Why was one of the disciples absent ? Why was this disciple Thomas ? The narrative itself affords an answer to both questions. Divine Providence intended to give us a specimen of unbelief even in his own people. Thomas was peculiarly incredulous ; therefore he was the person fitted to act the part designed for him on this occasion. If Thomas was afterwards convinced, there is no room left for captiousness to allege that the fact of Christ's resurrection was received by the disciples
on slight grounds, without sufficient evidence and caution.
The unbelief of Thomas was unreasonable and sinful in a degree beyond expression. Why did he not believe the united testimony of the other apostles? He should have received the testimony of any one of them. Unbelief justly exposed him to eternal condemnation. Has Thomas a licence for unbelief, more than any other of the human race? Must he not be liable to condemnation on the same ground with the rest of mankind ? Must he be satisfied in his own whims with respect to the evidence of this fact ? Can he say with innocence, “Except I shall see in his hands the print of the nails, and put my finger into the print of the nails, and thrust my hand into his side, I will not believe ?” Did ever any infidel express a more unreasonable demand for the evidence of Christ's resurrection, and the truth of the Christian religion ? The demands of sceptics are moderate and sober, compared to this intemperance of unbelief. The most unreasonable of them demand only that a particular revelation of the gospel should be made to every man. This falls far short of the extravagance and unreasonableness of the unbelief of Thomas.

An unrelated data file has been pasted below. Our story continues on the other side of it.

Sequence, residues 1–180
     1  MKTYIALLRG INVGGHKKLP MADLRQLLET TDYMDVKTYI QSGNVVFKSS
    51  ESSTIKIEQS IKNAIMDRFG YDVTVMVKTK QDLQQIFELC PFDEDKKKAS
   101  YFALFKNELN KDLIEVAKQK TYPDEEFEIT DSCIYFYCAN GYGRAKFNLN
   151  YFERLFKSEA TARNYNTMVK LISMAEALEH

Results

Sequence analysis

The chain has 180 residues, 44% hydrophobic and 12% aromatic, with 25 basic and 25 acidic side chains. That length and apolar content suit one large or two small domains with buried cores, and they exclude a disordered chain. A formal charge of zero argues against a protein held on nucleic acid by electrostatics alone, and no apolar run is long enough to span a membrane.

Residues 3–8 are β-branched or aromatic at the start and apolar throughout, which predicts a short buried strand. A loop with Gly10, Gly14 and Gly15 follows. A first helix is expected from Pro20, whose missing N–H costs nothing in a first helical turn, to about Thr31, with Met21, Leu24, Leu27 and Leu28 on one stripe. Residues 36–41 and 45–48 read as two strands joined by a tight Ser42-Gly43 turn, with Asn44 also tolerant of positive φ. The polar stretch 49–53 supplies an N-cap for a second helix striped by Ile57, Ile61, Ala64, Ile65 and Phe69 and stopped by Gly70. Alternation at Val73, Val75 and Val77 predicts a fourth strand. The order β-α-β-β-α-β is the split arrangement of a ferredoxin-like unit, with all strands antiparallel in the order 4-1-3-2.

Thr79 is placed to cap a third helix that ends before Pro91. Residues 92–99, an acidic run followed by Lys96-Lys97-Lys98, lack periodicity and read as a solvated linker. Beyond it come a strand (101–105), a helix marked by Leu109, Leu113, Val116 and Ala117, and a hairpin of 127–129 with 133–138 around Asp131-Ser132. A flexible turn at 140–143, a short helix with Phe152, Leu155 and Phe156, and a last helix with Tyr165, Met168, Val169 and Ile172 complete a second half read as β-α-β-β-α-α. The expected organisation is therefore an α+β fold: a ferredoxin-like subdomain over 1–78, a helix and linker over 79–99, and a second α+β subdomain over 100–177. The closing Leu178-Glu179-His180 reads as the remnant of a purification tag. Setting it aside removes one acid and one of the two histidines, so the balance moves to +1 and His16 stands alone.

But there is wisdom in this madness. If Thomas is unreasonable, God uses his unreasonableness to effect a great purpose. By this means, in the satisfaction given to Thomas, we have the fact of the resurrection established on evidence beyond all